Real estate prices don't have to decline to anywhere near zero to wipe out an investor if they're leveraged. That was my only point.

If you're a property manager with no mortgages and just want to collect rental income for cash flow - that's fine, but in these super heated areas what cap rate are we talking about?

Last edited by simplexsimon; 07-11-2017 at 09:22 AM..
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Old 07-11-2017, 09:34 AM
 
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Quote:
Originally Posted by chicagoliz View Post
And I don't think you need the 30 year time horizon, either. 5-6 could still get you a good return, especially in this market in suburbs commutable to Cambridge and Boston. As with anything, of course there is some risk. I'd be more worried about buying in the exurbs that aren't close to any major employment centers and where most people move only because they are priced out of closer in suburbs and are seduced by a big, new house.
Where are these exurbs that aren't close to any major employment centers and where most people move only because they are priced out of closer in suburbs and are seduced by a big, new house?
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Old 07-11-2017, 11:31 AM
 
Location: North of Boston
2,930 posts, read 4,882,968 times
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Quote:
Originally Posted by massnative71 View Post
Where are these exurbs that aren't close to any major employment centers and where most people move only because they are priced out of closer in suburbs and are seduced by a big, new house?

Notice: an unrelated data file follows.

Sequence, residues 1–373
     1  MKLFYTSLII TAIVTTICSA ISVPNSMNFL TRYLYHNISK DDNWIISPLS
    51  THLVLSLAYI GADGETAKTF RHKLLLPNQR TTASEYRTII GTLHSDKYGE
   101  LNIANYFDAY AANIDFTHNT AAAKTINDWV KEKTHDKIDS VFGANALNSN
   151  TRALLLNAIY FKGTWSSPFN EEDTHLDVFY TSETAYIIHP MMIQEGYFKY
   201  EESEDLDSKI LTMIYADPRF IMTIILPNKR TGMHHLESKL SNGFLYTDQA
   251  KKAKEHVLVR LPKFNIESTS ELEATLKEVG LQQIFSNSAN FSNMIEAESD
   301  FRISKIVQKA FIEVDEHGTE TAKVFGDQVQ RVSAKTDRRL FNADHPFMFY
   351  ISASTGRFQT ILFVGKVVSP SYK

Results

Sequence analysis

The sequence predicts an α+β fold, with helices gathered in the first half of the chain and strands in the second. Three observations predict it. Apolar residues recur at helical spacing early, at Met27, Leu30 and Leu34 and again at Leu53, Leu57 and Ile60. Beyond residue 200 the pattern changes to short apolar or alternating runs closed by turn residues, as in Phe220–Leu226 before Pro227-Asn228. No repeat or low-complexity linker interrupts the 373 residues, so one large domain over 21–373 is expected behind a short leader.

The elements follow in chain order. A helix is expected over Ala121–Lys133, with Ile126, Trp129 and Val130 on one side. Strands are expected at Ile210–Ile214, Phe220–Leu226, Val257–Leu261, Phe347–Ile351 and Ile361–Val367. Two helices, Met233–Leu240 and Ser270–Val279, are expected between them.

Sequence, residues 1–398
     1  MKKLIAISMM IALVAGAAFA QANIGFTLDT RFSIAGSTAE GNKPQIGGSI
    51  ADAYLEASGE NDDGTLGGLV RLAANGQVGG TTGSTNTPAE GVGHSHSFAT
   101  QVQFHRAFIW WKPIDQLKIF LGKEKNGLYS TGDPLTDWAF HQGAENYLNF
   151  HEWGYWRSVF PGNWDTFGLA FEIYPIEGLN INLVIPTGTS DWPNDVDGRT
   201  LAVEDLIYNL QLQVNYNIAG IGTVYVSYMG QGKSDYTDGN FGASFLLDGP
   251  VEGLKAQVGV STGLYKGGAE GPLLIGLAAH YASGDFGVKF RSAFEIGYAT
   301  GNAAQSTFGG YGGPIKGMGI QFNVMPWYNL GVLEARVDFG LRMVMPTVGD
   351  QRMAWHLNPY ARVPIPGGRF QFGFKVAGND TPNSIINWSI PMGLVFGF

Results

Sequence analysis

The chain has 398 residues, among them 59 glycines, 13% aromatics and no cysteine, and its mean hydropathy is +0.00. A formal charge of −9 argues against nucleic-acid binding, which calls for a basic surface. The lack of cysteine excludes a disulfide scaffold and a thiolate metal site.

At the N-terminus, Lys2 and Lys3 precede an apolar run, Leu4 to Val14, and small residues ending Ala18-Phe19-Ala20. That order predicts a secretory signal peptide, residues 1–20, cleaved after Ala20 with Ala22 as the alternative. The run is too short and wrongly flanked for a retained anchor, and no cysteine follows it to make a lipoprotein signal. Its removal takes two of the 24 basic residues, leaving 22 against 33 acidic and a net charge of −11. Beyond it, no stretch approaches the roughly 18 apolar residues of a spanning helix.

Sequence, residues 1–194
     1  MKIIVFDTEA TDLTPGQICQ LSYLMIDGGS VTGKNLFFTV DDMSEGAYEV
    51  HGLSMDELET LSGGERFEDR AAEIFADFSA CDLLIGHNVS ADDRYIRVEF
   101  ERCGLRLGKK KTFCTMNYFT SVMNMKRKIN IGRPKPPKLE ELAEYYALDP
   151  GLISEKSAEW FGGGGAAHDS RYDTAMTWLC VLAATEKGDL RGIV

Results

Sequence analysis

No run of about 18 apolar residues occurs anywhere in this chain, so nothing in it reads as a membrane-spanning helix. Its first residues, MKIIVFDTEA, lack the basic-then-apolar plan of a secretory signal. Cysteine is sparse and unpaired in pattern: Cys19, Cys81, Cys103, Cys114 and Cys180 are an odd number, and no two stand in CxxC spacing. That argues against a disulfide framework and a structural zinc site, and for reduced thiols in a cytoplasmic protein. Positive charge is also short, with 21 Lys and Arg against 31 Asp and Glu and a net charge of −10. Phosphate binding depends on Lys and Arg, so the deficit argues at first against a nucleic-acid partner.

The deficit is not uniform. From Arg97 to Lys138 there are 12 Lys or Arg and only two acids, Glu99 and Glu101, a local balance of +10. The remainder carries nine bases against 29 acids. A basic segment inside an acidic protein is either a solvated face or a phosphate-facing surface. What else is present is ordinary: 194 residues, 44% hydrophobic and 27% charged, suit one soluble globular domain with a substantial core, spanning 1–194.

I think of towns like Lunenburg, Dracut, Amesbury, and Salisbury in the North; Bellingham, Lakeville, Carver and Rochester to the South.
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Old 07-11-2017, 12:29 PM
 
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Quote:
Originally Posted by gf2020 View Post
I think of towns like Lunenburg, Dracut, Amesbury, and Salisbury in the North; Bellingham, Lakeville, Carver and Rochester to the South.

Well from my own experience of people I personally know (all I really have to go by):

Lunenburg - Know one person there and he works in Shirley. Him and his family seem very happy. I think it's a lovely town myself.


Dracut - The one town on that list where I can't say I know of anyone. But it is close to Lowell, Nashua, Andover, Wilmington, etc. Lot's of employment in those areas.


Amesbury - One person who moved there from Worcester area because she had job close by. She was perfectly content there. She later ended up working in Boston and decided to stay put.


Salisbury - Two people (separate), one who commutes to Boston and the other works right in town. They both grew up in that area and don't think either intend to move anywhere else.